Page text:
|Apply for a passport|
|Be head of household|
|Choose where to live|
|Confer citzenship to children|
|Get a job without permission|
|Travel outside the home|
|Obtain a national identity card|
|Travel outside the country|
|Register a business|
8. The fact that women often earn less than men may also have created disincentives for women to join the labor force. Although many countries across the world have equal pay legislation, all continue to have gaps in the salaries earned between men and women that cannot be explained by observable individual and job characteristics (the so-called “unexplained wage gap”). The lack of individual level data on wage earnings in the Iranian household survey has precluded an accurate estimate of the level of the wage gap between men and women in Iran. However, based on a survey conducted by the World Economic Forum, the pay premium between men and women for similar work is estimated to have been 42 percent in 2017, placing Iran 99th out of the 131 countries surveyed.
Unexplained wage gap in the MENA region
Source: World Economic Forum’s Global Gender Gap Report 2017.
9. Personal and family responsibilities have also deterred women from seeking formal employment. In a 2015 labor force survey, conducted by the Statistical Center of Iran, 72 percent of Iranian women replied they were not looking for a job because of personal and family responsibilities, compared to only 2 percent for men.
Reason for the lack of job search
Source: Statistical Center of Iran’s Labor Force Survey.
C. Policies to Encourage Greater Female Participation in the Labor Force in Iran
10. This section studies the impacts of three reforms that could help to narrow gender gaps in the Iranian labor market. Using a dynamic general equilibrium model with heterogeneous agents and overlapping generations, we examine the impact on long-term real GDP, male and female wages, formality, productivity and government revenue collections of three policies. The first policy simulation estimates the impact of a reduction in the “unexplained” wage gap between women and men. The second, reduces the cost to families of having women working outside the home. The third introduces a childcare subsidy payment to low-and middle-income formal female workers.
11. The model is calibrated using Iran’s macro and micro statistics. The general equilibrium model replicates key features of the Iranian economy, such as taxes, cash-transfer programs, pension systems, mean and variance of the income distribution, education spending, size of the informal sector, share of part-time labor, and female labor force participation.
12. The framework allows males’ and females’ decisions to differ across the income distribution. Agents differ from each other in terms of age, gender and the initial endowment each receives at birth. These differences generate distinct incentives and choices for agents to work throughout the life cycle. The model also features endogenous human capital formation.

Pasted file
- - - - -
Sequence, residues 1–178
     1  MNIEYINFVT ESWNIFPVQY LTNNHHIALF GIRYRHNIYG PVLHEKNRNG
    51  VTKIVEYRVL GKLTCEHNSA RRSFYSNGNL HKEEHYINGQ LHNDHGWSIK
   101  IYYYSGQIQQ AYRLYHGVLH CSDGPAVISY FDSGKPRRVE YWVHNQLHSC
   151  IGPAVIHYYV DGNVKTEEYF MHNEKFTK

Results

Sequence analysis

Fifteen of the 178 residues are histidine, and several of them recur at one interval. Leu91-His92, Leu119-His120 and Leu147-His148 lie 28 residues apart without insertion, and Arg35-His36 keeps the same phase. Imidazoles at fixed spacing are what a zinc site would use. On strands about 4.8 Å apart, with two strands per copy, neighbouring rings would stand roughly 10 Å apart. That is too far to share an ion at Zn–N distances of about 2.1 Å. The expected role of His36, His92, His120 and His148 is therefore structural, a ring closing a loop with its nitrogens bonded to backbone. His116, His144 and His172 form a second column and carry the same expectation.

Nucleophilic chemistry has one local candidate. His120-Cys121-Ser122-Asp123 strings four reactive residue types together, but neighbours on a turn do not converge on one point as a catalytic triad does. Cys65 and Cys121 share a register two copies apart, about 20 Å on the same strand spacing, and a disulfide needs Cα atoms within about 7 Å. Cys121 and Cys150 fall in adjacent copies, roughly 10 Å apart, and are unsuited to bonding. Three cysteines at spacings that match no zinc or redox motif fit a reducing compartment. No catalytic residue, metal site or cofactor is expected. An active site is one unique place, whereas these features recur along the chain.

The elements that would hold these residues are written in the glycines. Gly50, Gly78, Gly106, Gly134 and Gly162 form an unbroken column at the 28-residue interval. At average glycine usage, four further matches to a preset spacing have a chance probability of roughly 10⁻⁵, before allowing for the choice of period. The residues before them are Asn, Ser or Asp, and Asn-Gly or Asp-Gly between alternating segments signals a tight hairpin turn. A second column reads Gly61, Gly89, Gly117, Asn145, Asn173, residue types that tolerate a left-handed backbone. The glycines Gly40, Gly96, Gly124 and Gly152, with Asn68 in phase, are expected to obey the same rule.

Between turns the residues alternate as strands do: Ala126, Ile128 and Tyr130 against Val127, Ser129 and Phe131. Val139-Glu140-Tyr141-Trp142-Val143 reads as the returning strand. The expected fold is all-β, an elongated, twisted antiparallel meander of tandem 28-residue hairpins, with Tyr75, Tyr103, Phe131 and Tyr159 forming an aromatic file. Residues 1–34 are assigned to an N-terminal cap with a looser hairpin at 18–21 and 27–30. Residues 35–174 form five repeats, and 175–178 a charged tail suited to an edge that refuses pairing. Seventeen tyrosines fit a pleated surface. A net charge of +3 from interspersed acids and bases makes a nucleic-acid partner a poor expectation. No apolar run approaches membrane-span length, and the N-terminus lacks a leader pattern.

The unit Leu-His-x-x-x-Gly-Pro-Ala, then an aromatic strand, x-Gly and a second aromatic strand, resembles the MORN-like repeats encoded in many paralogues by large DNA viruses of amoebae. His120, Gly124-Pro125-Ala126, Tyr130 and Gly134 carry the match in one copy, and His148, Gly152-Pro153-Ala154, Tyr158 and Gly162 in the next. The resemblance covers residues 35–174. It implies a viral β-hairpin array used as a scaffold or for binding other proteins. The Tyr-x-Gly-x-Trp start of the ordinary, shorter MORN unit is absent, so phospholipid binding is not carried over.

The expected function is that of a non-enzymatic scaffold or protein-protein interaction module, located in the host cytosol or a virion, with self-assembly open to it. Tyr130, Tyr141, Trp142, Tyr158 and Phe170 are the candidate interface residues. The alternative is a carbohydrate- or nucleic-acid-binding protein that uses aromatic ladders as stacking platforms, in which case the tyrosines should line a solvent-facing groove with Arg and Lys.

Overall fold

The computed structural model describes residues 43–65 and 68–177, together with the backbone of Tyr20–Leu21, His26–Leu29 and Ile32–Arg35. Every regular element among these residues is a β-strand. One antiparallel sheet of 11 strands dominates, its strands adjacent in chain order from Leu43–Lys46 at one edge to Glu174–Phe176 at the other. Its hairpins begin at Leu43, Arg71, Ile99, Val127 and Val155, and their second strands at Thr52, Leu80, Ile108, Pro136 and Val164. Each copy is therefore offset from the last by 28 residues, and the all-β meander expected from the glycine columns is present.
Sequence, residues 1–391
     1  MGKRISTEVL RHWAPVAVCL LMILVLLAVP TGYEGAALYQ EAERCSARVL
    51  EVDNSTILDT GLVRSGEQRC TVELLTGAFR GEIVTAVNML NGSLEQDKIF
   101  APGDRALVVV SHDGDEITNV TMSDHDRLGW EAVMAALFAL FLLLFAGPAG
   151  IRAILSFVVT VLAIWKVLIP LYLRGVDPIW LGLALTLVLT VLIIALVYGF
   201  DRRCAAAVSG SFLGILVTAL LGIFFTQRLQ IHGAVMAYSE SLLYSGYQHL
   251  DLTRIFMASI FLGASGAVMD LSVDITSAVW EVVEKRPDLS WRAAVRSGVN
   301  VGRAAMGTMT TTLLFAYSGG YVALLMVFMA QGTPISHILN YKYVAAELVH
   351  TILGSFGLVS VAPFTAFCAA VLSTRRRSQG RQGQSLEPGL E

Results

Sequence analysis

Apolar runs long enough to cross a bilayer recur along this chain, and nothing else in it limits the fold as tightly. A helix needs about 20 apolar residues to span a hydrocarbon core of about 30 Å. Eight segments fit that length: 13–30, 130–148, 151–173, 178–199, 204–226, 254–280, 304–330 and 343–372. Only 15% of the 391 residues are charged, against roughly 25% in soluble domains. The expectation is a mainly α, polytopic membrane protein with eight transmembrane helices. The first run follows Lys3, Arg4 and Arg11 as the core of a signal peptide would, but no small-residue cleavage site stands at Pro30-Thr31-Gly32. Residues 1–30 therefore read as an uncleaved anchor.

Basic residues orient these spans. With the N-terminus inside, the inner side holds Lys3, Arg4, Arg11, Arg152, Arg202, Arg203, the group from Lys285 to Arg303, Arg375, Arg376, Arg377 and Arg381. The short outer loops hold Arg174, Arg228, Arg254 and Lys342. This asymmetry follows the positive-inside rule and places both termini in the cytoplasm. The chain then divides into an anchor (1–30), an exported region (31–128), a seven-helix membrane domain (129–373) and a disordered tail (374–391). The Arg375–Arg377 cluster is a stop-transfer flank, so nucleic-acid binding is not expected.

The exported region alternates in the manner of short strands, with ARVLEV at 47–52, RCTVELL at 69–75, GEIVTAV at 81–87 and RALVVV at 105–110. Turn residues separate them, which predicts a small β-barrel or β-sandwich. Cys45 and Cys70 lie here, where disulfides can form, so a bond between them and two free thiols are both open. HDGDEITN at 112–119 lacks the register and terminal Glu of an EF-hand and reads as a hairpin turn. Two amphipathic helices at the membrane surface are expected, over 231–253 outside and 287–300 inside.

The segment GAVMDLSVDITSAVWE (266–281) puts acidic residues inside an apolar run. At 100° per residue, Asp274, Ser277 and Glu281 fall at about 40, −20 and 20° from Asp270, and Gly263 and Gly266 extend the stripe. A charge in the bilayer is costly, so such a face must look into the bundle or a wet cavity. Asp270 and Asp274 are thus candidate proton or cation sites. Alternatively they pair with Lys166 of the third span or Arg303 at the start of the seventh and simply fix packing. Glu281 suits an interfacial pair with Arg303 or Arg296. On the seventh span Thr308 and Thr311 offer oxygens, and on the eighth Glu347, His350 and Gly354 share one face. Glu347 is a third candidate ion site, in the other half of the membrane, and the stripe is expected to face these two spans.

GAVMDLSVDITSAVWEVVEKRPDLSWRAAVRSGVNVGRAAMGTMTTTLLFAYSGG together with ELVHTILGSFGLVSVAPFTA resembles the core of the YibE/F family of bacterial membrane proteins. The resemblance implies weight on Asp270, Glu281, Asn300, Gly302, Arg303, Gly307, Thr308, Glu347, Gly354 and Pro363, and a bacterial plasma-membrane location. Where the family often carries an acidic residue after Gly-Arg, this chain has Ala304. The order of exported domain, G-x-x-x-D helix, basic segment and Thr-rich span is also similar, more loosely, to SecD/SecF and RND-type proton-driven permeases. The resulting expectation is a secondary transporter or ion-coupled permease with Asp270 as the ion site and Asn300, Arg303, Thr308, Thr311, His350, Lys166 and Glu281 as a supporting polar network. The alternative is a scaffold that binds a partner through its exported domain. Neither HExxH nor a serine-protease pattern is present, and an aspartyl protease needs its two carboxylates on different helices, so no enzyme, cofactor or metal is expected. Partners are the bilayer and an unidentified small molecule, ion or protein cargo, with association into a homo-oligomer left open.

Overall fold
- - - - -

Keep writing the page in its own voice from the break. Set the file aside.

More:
13. The main sources for gender inequality in the model are the disutility a family experiences when a woman works outside the home and the wage gap between women and men. In the model, husbands and wives decide how much their families should consume, how much labor to supply to the formal and informal sectors, and how much to invest in their children’s education (human capital). Wives and husbands weigh different factors when making decisions to participate in the labor market. Husbands always work, and the only decision regarding males’ labor is how much time they should allocate between the formal and informal sectors, given their human capital and their household’s constraints. Wives, however, not always work. When a woman supplies labor, the family incurs a utility cost related to the difficulty of coordinating multiple household activities, such as home production and rearing children. This allows for low female labor force participation. Also, the model proxies gender discrimination in formal and informal labor markets in an unexplained gender wage gap (after controlling for factors such as type of job, education, age). These two sources of gender inequality create different outcomes for men and women in terms of labor force participation, number of hours worked (part-time or full time), formal versus informal jobs, and earnings. The full description of the model, its calibration and data sources can be found in Malta, Mendes Tavares and Pinat (2018).
Reducing the Gender Wage Gap
14. Reducing the ‘unexplained’ wage gap between women and men has the potential to double female labor force participation rate over the long-term. If the “unexplained” wage gap of 40 percent in the formal and informal labor markets is reduced by half, the number of women in the labor force doubles to 80 percent, as both higher and lower skilled females increase their supply of labor in response to more attractive wages. In equilibrium, the average wage of a female working in the formal sector increases by 23 percent (and by 36 percent in the informal sector). The inclusion of more females in the labor force lifts their income, boosting demand for consumption of both formal and informal goods. Formal firms hire more males and females. The males joining these firms have lower skills, since the higher-skilled male workers were already employed in the formal sector. Thus, average earnings of males in the formal sector falls by 10 percent.
15. Reducing the unexplained wage gap also boosts the size of economy and government tax collections. The expansion of FLFP increase female incomes, pushing the demand for goods and services up, and thus spurring firms’ production. This virtuous cycle helps the level of real GDP to grow by 26 percent in contrast to the scenario of no change in policy. Government’s total revenues grow 22 percent (from 15 to 18 percent of GDP) due to the higher collections of consumption taxes, labor taxes (due to higher number of workers in the formal sector) and corporate taxes (given the boost in the formal production).